3B- 3B has been a trouble spot for the Twins ever since Corey Koskie fled the country to play for his homestead Blue Jays. Mike Cuddyer played their briefly with mixed results, and the Twins have since gone with Nick Punto, with mixed but mostly negative results. So where should we look to find the next Twins 3B? Well, the free agent market at 3B isn’t very strong. Mike Lowell could be a good addition, but there’s prevalent wisdom that his career was resurrected by the Green Monster, and that he’d become a flyball machine elsewhere. Also, he’s been offered a relatively lucrative deal (rumored at 3/36) to stay in Boston. So, scratching off Lowell from our short list, what else do we find on the market for 3B via trades and free agency.
Miguel Cabrera (Marlins): Keep dreaming. Upcoming contract demands and the overall cost to acquire him don’t make him a good fit for the Twins. Buyer beware, he’s looked awfully puffy lately….
Scott Rolen (Cardinals): A brief rumor surfaced sometime last week suggesting the Twins had voiced interest in the 32 year old injury prone defensive wiz, but that was quickly squashed when the Minneapolis Star Tribune suggested that Minnesota GM Bill Smith and his colleagues never even inquired about Rolen. At 3 years and 11+ million per remaining on his contract, and coming off a .729 OPS (89 OPS+) season, no thanks!
Garrett Atkins (Rockies): Atkins name has been a real buzzword for Twins fans lately, with almost all message board trade scenarios leading to the starting 3B for the defending NL Champion Rockies. While solid offensively, Atkins is not what you would call stellar defensively (Fielding Bible lists him as the 2nd worst defensive 3B in the ML last year), and he’s not much of a hitter outside of the hitter-friendly confines of Coors Park (.936/.773 Home-Road OPS splits). He’s also rumored to be looking for an extension in the near future, perhaps as high as 5/75, so the Twins might be better off abstaining here. There’s also a chance the Rockies hold onto him and move super prospect Ian Stewart to 2B, especially if they’re unable to retain FA Kaz Matsui.
Other options include Rangers 3B Hank Blalock, Mets 3B David Wright (in a Santana trade of course), Blue Jays 3B Troy Glaus, White Sox 3B Joe Crede, Indians 3B Casey Blake, Devil Rays IF’s Evan Longoria and B.J. Upton, FA Corey Koskie, FA Morgan Ensberg, and FA Russell Branyan.
Best Case Scenario: The Twins manage to swing a deal for uber-prospect Evan Longoria. Longoria has some real big time pop, hitting 44 minor league home runs and slugging a solid .546 in 733 career minor league at bats. His most recent stop at Durham resulted in a .269/.398/.490 line, suggesting he’s not too far from making a serious impact at this level. Another awesome idea would be to acquire B.J. Upton, but it’s really hard to say if he’d be available at all (same goes for Longoria, really) or if he could handle 3B. (Likelihood of this scenario: Probably about 5%)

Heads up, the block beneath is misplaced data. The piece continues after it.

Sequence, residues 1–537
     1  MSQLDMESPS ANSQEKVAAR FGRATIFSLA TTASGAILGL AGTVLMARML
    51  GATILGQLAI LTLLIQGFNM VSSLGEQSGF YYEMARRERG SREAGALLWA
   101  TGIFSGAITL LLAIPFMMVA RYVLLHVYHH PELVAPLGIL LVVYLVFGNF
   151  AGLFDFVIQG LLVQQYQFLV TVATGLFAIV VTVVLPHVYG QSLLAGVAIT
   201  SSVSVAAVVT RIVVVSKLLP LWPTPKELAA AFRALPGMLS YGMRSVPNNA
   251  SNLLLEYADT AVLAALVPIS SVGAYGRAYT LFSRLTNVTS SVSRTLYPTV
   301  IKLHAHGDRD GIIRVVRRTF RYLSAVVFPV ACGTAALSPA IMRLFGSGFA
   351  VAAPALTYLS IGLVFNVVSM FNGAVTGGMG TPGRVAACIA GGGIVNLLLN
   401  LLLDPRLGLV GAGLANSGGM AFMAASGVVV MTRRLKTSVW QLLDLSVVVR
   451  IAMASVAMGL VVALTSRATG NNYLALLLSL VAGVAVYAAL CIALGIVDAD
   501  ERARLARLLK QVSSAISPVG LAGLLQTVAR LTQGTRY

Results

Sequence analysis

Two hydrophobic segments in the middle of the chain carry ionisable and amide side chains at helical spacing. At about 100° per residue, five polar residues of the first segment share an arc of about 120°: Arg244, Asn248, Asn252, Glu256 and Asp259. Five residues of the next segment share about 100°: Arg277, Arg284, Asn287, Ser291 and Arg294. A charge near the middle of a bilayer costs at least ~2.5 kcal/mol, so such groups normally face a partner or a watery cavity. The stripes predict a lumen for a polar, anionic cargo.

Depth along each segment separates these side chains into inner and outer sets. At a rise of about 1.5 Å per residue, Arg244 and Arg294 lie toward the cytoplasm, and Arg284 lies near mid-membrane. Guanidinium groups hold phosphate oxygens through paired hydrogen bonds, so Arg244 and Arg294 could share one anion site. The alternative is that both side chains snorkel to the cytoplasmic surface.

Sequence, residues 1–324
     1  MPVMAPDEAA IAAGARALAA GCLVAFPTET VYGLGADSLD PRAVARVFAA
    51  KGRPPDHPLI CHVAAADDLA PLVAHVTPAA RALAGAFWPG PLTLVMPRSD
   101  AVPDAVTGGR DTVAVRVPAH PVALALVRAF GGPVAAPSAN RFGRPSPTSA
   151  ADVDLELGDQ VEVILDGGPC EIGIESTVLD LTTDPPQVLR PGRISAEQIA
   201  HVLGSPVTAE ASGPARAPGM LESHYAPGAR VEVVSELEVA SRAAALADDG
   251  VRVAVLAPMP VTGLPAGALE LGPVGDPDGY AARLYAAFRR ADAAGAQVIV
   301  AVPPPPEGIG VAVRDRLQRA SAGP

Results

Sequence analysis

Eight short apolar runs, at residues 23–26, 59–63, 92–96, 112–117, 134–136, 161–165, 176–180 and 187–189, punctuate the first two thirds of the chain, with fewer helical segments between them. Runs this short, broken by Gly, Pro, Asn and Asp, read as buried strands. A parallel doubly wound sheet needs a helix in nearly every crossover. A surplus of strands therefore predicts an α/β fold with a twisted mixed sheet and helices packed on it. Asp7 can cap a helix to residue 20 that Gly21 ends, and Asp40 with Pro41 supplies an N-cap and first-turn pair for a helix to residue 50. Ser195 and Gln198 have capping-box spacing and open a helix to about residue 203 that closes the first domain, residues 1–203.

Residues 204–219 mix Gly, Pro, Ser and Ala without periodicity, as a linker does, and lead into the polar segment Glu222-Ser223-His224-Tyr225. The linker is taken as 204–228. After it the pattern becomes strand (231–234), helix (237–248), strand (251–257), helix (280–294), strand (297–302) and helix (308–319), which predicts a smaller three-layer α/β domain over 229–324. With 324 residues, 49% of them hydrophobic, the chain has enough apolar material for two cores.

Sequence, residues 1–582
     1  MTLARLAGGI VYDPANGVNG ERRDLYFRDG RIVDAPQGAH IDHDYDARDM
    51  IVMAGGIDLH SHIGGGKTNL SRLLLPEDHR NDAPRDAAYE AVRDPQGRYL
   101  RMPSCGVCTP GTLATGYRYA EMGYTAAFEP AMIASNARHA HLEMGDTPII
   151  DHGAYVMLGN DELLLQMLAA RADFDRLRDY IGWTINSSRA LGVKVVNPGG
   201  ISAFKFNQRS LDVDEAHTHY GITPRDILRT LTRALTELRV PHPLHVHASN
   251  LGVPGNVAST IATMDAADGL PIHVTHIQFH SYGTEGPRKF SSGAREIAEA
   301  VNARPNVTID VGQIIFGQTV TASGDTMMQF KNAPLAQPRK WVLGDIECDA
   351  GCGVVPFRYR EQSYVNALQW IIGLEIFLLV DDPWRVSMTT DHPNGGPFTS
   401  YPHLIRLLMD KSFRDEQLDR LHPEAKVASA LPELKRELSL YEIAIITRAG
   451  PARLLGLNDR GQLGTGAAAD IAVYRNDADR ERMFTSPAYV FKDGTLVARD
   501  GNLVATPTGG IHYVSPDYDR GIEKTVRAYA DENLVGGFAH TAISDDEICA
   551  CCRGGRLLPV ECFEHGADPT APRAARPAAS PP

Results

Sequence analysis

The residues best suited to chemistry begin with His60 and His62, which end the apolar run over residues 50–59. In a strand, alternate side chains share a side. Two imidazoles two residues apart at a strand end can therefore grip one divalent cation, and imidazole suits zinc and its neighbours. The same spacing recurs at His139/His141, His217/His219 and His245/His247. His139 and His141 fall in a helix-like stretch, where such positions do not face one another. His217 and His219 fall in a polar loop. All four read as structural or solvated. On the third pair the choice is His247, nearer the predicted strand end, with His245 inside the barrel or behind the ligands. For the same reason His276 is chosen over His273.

Reasonable Scenario: Twins sign 3B Casey Blake or Corey Koskie. Blake has been solid if unspectacular for the Indians, with OPS digits ranging typically in the high .700s to low-mid .800s. If we could pull him in on a 2 or 3 year deal averaging 6 million dollars a year, I’d be 100 percent down for it. That’s really hard to say, given the market this year. As for Koskie, I’d love nothing more than to see him get a shot in spring training to show he’s healthy, and return to the club as full-time 3B. He’s usually good for an .800 OPS and very, very good defense. Even if he’s lost a bit, and drops to .750 for his OPS, he still provides a HUGE upgrade. I imagine we can snag him on a 2-4 million dollar non-guaranteed contract with an invite to ST.
Prediction: Twins sign Corey Koskie to 1 year, 3 million dollar non-guaranteed contract. This is a very good deal for us, especially if he proves healthy. Teams like the Twins need to find guys to succeed on below market value contracts, and he seems to be a good bet. Koskie then posts .250/.340/.440 season, and is well worth 3 million dollars.
DH/LF: The DH spot was real sore for the Twins last year, seeing names like Jason Tyner, Mike Redmond, Jeff Cirillo, and such pass through it on a regular basis. This is another spot where just a simple decent upgrade will make a huge difference. The reason I have DH/LF here is that if we acquire a solid LF type player defensively, I have no qualms about moving Kubel to DH. I’d rather see Kubel play LF everyday, but as long as he gets his AB, I’m happy. Personally, I’d LOVE to see Barry Bonds brought in to the Twin Cities. As a DH, he could play almost every day. If he comes close to replicating his 170 OPS+ last year, he might post the best season for a Twins hitter EVER. That said, there seems to be some prevalent detraction to the deal by most Twins fans, suggesting he’s not a “Twins type of player.” Who knew that the Twins weren’t about winning? Not me. In addition to Bonds, here are some other intriguing LF/DH options: